So, very low calorie diets cause ketosis, one clear risk factor for developing gout. One of the diets I used about twenty years ago was the Optifast diet (remember when Oprah was pushing this one?). This was a long term fasting plan which consisted of nothing but a liquid protein that, if I remember correctly, was around 800 calories per day. I lost a lot of weight on this plan, of course.

About a decade later, after having re-gained all of that weight, I decided to try the Dr. Atkins diet for the second time in my life (I had been on it for awhile as a teenager). This diet specifically induces ketosis by only allowing the consumption of protein with little or no carbohydrate.

I believe that this history of low calorie, low-carb, ketosis-inducing dieting, along with my hereditary obesity is the main precipitating factor in the onset of my gout. If the world needed more proof that dieting is not only ineffective but also downright dangerous, I think that the link to gout would certainly qualify.

Tuesday, February 19, 2008

The Kitchen Project - Part 1 (Before)

I love my Chicago style brick bungalow. It is the kind of house I'd always wanted to own: solidly built in 1927, it's old but in excellent condition. It has strength and character, along with a two-car garage (the best thing about having a home of one's own), a separate entrance I use for my teaching studio, and some wonderful stylistic touches that distinguish it from the many similar homes in Chicago's "bungalow belt."

But I hate my kitchen. It has been the bane of my so-called lifestyle since I moved in several years ago. I like to cook and I have children to cook for. But I've been very frustrated by this kitchen, with its one pathetic wall cabinet, total absence of counter space, a falling apart oven, a leaky refrigerator and a horrid white tile floor that seems to magnify every micron of dust. And that's just for starters.

My kitchen also has an architectural quirk that seems to be common in homes built in this era: The stairs leading up to the attic can only be accessed from one corner of my kitchen, thus rendering that area useless in terms of counter space and wall storage.

Here's a couple of shots of that wretched corner:

This is the evil appliance area, which occupies the only corner:

The doorway/hallway that leads to the dining room:

The pantry and door leading to the mudroom and the great outdoors:

Finally, a view from the dining room entrance:

As you can see, this very small room has 4 (count 'em, four) doorways and only 1 (that's one) usable corner. There has been many a time in the midst of trying to prepare a meal that I've gotten stuck holding the cutting board or a full pot with no place to set it down. I bought that butcher block on wheels so I'd have SOME place to chop vegetables and store some pans but that thing is hardly adequate.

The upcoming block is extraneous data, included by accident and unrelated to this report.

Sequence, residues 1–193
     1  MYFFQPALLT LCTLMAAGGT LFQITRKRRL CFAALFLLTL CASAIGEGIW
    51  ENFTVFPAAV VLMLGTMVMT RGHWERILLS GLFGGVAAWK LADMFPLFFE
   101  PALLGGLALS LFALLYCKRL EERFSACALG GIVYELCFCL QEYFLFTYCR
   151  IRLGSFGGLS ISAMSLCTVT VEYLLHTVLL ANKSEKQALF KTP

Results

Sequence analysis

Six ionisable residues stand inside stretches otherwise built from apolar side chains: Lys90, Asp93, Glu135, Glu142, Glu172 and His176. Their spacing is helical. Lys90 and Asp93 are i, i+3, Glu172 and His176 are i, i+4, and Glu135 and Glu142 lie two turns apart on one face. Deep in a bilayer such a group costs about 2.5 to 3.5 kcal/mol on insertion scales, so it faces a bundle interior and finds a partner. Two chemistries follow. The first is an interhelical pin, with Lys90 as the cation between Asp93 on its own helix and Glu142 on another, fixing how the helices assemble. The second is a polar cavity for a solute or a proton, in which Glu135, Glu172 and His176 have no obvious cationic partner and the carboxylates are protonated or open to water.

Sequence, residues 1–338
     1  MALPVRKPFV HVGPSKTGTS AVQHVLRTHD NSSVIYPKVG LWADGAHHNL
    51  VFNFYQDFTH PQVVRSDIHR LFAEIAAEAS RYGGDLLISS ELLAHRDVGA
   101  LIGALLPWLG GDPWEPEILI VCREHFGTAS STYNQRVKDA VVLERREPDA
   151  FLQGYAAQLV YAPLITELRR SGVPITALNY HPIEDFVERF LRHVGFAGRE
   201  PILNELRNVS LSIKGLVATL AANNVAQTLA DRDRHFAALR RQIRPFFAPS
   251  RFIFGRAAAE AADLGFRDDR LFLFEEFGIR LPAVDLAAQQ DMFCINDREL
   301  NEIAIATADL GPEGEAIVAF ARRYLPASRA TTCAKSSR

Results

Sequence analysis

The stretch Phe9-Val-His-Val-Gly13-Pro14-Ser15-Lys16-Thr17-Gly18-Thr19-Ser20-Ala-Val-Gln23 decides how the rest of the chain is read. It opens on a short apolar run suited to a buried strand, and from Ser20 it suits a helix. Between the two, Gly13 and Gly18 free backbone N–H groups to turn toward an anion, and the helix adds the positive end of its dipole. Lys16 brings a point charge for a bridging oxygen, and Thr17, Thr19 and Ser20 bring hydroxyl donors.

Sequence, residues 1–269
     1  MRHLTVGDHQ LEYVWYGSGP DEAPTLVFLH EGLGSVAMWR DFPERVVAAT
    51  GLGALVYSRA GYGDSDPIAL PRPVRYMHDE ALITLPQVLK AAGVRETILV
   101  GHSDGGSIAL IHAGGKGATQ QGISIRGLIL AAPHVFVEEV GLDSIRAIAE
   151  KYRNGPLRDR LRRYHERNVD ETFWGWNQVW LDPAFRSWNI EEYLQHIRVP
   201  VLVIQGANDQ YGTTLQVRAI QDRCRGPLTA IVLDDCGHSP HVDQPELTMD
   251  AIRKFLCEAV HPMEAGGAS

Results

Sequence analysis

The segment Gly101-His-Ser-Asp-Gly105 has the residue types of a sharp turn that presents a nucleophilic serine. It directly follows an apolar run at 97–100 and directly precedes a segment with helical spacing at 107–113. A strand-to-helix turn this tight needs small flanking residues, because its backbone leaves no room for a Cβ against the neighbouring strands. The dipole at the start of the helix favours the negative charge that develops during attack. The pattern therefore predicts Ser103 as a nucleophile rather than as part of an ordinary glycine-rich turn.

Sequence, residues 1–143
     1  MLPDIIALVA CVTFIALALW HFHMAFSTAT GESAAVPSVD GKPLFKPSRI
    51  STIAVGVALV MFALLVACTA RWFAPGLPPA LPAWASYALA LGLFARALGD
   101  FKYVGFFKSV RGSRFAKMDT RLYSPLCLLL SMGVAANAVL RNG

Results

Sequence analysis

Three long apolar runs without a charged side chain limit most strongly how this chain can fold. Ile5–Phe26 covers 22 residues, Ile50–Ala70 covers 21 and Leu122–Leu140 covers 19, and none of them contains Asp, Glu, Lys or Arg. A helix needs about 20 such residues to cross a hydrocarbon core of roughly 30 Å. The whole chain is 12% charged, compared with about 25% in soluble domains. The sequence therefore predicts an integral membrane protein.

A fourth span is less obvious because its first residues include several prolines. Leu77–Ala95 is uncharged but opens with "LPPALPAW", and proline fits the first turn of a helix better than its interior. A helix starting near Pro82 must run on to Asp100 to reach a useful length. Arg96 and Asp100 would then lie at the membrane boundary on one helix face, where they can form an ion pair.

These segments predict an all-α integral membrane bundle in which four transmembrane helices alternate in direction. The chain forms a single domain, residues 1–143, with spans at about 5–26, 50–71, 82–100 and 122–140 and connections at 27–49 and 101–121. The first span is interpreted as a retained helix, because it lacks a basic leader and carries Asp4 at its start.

This kitchen has had me muttering obscenities on a regular basis. I blame this room for my borderline high blood pressure and my need for several years of primal scream therapy.

So when my mother, bless her soul, offered to help me pay for a kitchen rehab I could hardly contain my passionate desire to buy a sledgehammer and start the demolition immediately.

Next time: The Plan

Monday, February 18, 2008

Tragedy at N.I.U. - Why 'Why" is the Wrong Question

Earlier this morning I read a letter from a close friend whose son is s student at Northern Illinois University in DeKalb. His son is understandably freaked out and my pal is furious. He wrote to his congressman about the insanely easy availability of guns. His response is the most cogent answer I've yet heard in all the prattling that's been going on in the media since this most recent shooting.

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As a society there is NOTHING we can do about the states of mind that might cause an individual to commit seemingly random violence. We cannot monitor everyone's psychological health nor make it illegal to stop taking one's meds. It is not the responsibility of classmates, peers, family or school administrators to keep tabs on people's emotional well being. So 'why' Steven Kazmierczak opened fire on 200 students in a lecture hall at N.I.U. is impossible to answer. It is also a dangerously misguided question.